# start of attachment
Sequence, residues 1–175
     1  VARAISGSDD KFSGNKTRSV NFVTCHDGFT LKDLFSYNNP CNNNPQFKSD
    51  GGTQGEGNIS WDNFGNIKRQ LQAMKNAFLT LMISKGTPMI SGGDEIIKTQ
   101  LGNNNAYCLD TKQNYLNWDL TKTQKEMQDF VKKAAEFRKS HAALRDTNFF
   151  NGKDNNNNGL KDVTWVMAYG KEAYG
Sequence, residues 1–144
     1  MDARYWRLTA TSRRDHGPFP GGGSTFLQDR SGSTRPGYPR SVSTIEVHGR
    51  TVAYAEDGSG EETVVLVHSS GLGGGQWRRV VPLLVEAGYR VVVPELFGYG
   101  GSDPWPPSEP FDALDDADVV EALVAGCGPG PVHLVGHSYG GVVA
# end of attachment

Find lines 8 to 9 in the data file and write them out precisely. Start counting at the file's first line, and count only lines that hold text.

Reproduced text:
    51  TVAYAEDGSG EETVVLVHSS GLGGGQWRRV VPLLVEAGYR VVVPELFGYG
   101  GSDPWPPSEP FDALDDADVV EALVAGCGPG PVHLVGHSYG GVVA